3 Smaller Church Websites We Can All Learn From

The internet has leveled the playing field in many ways. Even small churches on small budgets can access services that make them look good.

April 7th, 2017

Do you know what I love about the internet more than anything else? It’s a meritocracy. You don’t need to spend $10,000 building a mobile app to reach people on their phones — you can just use Facebook for free. You don’t need to spend $5,000 building a website to act as your homebase online — you can use Squarespace and spend just $10/month.

It comes down to your abilities and hard work — not your church’s bank account.

And this is amazing news for smaller churches! A great digital presence isn’t dependent on your church’s cashflow. Tools exist today allowing you to excel on digital media without a building-fund-sized budget.

Need proof?

Below you’ll find 3 different church websites from smaller-sized churches. One of the churches is around 100 people, while the other two are around 500.

Perhaps more important than the size of the church, though, is the amount spent on their websites and the platforms they used to build them.

Any church can do this. Any size. With any budget.

1. Engage City Church

Church Size: 60 when website first launched; now at 150
Website Budget: $18/month
Platform: Squarespace (Alex Theme)

http://www.engagechurch.ca/

Engage City Church is a four-year-old startup in Spruce Grove, Alberta, Canada.

The first thing you’ll notice on this website is stunning photography site-wide. And when I’m evaluating a church’s website, this is always the first thing I look for. Why? Because in an instant, photos give me an accurate depiction of what your church is like.

Remember that old rule on the web? You only have 10 seconds to make a good first impression on a visitor before they leave? Nothing does a better job of keeping people on your site than great photos.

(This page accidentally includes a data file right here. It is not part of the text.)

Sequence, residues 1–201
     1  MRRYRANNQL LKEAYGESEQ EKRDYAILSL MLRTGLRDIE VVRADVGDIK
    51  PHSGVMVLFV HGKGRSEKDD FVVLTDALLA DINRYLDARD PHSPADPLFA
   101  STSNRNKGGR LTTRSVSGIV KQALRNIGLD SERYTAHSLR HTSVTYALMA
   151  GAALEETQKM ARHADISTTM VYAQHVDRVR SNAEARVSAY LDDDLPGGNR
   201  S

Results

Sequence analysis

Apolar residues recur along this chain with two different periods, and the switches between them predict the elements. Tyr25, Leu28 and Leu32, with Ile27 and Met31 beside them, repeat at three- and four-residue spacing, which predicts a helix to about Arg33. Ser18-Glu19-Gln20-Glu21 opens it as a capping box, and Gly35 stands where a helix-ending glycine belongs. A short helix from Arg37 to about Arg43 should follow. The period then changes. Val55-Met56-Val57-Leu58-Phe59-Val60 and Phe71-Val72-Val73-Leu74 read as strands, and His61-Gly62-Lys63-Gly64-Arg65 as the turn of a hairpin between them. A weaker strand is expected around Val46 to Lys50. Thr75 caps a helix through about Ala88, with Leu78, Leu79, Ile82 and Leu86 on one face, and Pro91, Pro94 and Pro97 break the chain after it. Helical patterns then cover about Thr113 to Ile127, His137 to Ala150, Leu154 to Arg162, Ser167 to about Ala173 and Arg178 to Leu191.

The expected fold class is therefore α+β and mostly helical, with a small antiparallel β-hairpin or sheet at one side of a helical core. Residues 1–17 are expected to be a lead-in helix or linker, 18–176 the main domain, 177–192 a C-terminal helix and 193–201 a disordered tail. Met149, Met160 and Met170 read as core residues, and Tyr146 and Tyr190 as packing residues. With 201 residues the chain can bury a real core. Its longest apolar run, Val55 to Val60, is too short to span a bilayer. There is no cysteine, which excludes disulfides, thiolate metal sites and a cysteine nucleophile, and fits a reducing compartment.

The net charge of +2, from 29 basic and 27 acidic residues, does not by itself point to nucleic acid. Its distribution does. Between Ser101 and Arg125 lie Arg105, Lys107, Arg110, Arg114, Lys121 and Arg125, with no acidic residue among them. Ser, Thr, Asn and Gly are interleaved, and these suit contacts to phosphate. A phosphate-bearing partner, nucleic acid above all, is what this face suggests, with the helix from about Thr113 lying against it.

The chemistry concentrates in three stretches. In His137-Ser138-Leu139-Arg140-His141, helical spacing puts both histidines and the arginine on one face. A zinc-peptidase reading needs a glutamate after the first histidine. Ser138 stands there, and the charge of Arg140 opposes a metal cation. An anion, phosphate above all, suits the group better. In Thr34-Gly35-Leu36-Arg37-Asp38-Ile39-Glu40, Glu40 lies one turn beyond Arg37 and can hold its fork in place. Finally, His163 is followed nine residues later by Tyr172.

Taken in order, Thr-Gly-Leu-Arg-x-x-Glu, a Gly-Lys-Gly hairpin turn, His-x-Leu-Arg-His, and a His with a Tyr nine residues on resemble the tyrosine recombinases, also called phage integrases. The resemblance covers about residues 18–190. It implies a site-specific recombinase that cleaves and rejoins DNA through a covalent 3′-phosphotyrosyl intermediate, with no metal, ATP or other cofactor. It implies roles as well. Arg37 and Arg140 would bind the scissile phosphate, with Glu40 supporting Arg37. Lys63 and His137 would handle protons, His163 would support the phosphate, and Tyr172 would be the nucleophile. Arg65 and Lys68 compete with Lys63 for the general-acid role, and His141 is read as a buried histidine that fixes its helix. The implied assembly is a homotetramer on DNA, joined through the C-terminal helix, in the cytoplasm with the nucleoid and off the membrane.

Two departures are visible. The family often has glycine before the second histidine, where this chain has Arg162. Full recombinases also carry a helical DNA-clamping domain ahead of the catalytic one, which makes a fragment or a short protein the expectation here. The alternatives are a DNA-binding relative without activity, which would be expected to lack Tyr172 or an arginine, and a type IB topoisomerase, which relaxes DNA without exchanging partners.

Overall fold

What type of photos do you need? Here’s a short list (ranked from most important to least important):

  1. Smiling photos of people in your church
  2. Moments of worship in your auditorium
  3. Building shots (what does your church look like from the outside?)
  4. Your pastor preaching

Engage’s website is clearly targeted at new visitors, which is always the recommendation that I give to churches.

Moreover, everything I could possible want to know about this church is available on the homepage — yet it doesn’t feel cluttered. Here’s a list of valuable info that is accessible from the homepage:

  • What to expect when I attend Engage for the first time
  • Listen to a message from the pastor
  • Service times
  • Phone number
  • Address (with accompanying map)
  • Origin story
  • Call-to-action (CTA) ‘What It’s Like’
  • CTA ‘Who We Are’
  • CTA ‘What We Believe’

Finally, perhaps what stands out to me the most about Engage’s online presence, is that they dedicate an entire section of the homepage to Jesus. Shockingly, most churches don’t do this.

Not only this, but an entire page on the website is dedicated to Jesus. You can see it by clicking here. If your church doesn’t already have a page like this, I highly recommend adding one to your site.

2. River City Church

Church Size: 450 weekly attendance (including children)
Website Budget: $20/month
Platform: Squarespace

http://rivercitychurch.com/

The first thing I want to point out on River City Church’s website, is again, the stunning photos. One of the best investments your church can make is to twice-per-year hire a professional photographer to come in and shoot a couple hundred shots of your Sunday experiences.

Truthfully, many churches have competent photographers within their Sunday attendance already — in which case it doesn’t even need to be an expense.

The main headline on this website is a winner. Instead of River City Church talking about themselves and how great they are, they’re issuing an invitation: Come As Your Are. They follow this up with a brilliant CTA ‘Plan A Visit.’

Click on that link and you’ll see another great picture with an address, service time, and a map. You’ll get a little vision from their pastor and some additional CTAs to ‘Kids,’ ‘Next Steps,’ and ‘Who We Are.’

My favorite page on this website? The Connect page. Check it out at by clicking here.

The navigation on River City’s site is understated and minimal, but their footer always gives you access to everything you could possibly be looking for without feeling cluttered. Here’s all the information you can find in River City’s site-wide footer: